Telangiectatic osteosarcoma

Telangiectatic osteosarcomas (TOS) are an uncommon variant of osteosarcoma that represent 2.5-12% of all osteosarcomas. 

Telangiectatic osteosarcomas have similar demographics to that of conventional osteosarcoma and typically presents in adolescents and young adults (reported age range of 3-67 years with a mean age of 20 years). There is a recognized male predilection.

Most osteosarcomas have a small telangiectatic component but in order to classify as telangiectatic osteosarcoma, the telangiectatic component should comprise >90% 1.

Most of the tumor comprises of large blood-filled spaces separated by thin bony septations.

Microscopically the tumor consists of vascular sinusoids surrounded by thin septa, osteoid matrix and cells with significant pleomorphism and high mitotic rate.

Telangiectatic osteosarcoma can be a secondary lesion (arising in association with fibrous dysplasiaPaget disease, or post-radiation therapy).

Most common locations by site are: 

  • around knee:
    • femur: 50-62%
    • tibia: 10-25%
  • humerus: 12-16%

In terms of location within bone:

  • metaphyseal: ~80%
  • diaphyseal: ~20% 

Typically seen as an expansile lytic bone lesion at the metaphysis:

  • geographic bony destruction with wide zone of transition tends to be more common than permeative bony destruction 6
  • less osteoid matrix than conventional type
  • pathological fractures are frequent
  • low attenuating fluid-fluid levels within the lesion (in ~80% of cases)
  • useful at assessing associated cortical destruction
  • thick peripheral and nodular septal enhancement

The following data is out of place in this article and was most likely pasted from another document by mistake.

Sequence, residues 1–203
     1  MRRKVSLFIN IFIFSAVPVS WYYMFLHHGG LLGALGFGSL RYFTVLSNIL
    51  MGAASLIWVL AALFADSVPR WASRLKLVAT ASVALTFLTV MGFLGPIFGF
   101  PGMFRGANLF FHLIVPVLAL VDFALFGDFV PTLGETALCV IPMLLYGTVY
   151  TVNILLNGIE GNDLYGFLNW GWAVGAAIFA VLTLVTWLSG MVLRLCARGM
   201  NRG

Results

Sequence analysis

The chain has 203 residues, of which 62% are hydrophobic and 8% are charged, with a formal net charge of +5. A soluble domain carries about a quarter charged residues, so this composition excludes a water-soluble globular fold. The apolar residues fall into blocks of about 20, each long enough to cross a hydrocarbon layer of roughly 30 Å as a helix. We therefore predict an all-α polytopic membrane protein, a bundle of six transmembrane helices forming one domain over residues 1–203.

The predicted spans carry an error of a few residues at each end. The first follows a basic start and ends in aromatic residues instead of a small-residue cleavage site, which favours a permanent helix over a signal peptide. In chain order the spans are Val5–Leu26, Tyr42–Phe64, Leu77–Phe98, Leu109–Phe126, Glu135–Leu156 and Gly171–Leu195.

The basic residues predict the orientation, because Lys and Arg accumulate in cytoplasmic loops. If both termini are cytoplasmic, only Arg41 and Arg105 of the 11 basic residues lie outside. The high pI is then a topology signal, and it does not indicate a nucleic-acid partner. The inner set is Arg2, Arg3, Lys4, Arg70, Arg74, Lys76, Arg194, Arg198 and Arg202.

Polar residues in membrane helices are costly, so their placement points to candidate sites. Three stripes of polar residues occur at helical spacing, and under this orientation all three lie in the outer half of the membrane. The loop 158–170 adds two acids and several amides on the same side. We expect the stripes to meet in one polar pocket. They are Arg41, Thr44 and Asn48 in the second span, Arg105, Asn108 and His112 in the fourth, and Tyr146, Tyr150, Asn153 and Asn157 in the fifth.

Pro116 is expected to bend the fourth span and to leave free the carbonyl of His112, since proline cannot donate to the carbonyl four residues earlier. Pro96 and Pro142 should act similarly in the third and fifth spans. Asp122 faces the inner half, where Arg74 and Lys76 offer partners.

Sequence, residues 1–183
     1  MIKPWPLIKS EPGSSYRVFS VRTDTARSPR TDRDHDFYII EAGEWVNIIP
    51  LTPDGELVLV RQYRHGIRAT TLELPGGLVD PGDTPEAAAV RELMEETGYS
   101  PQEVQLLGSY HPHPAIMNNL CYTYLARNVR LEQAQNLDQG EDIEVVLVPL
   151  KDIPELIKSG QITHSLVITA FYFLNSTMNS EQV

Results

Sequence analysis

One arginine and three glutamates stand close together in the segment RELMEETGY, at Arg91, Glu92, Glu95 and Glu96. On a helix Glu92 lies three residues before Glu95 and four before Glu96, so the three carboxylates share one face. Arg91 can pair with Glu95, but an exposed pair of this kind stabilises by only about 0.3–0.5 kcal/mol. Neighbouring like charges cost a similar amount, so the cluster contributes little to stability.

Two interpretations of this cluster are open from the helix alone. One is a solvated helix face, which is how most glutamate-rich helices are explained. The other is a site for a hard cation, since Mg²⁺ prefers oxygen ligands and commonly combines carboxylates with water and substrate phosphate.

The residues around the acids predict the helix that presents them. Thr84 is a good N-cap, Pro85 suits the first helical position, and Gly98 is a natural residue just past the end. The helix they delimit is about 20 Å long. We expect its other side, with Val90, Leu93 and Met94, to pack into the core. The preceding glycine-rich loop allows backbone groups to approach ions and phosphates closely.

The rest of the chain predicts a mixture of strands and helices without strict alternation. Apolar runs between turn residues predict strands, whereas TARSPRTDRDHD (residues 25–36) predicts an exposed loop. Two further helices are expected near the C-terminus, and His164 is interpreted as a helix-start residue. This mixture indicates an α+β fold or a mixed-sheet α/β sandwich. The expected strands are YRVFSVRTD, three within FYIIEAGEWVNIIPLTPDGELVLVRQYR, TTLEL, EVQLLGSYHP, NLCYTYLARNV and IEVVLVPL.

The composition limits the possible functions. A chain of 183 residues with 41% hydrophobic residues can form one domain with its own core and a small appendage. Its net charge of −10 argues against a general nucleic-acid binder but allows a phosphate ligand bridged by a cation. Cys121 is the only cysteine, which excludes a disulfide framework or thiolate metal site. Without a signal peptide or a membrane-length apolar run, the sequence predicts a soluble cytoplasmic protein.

• osteoid matrix mineralization
  • commonly shows fluid-fluid levels within the lesion (~90% of cases) with variable signal intensity
  • allows appreciation of surrounding soft tissue components
  • signal characteristics are often heterogeneous
  • enhancement of septa as well as the soft tissue component may be observed
  • hemorrhage appears as hyperintense on T1 and variable signal intensity on T2

Overall, lesions tend to show marked but heterogeneous uptake on bone scans. May demonstrate a region of central photopenia representing a doughnut sign 3,6.

The treatment of telangiectatic osteosarcoma is often similar to that of conventional osteosarcoma: chemotherapy followed by wide surgical resection and limb salvage or amputation. 

Survival rate of telangiectatic osteosarcoma (estimated at ~70%) is similar to that of conventional osteosarcoma.

They are associated with a high rate of pathological fractures 4.

First described by Sir James Paget (1814-1899), an English surgeon, in 1854 7.

Considerations on plain film include:

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Article information

rID: 10830
Synonyms or Alternate Spellings:
  • Telangiectatic type osteosarcoma
  • Teleangiectatic osteosarcoma (TOS)

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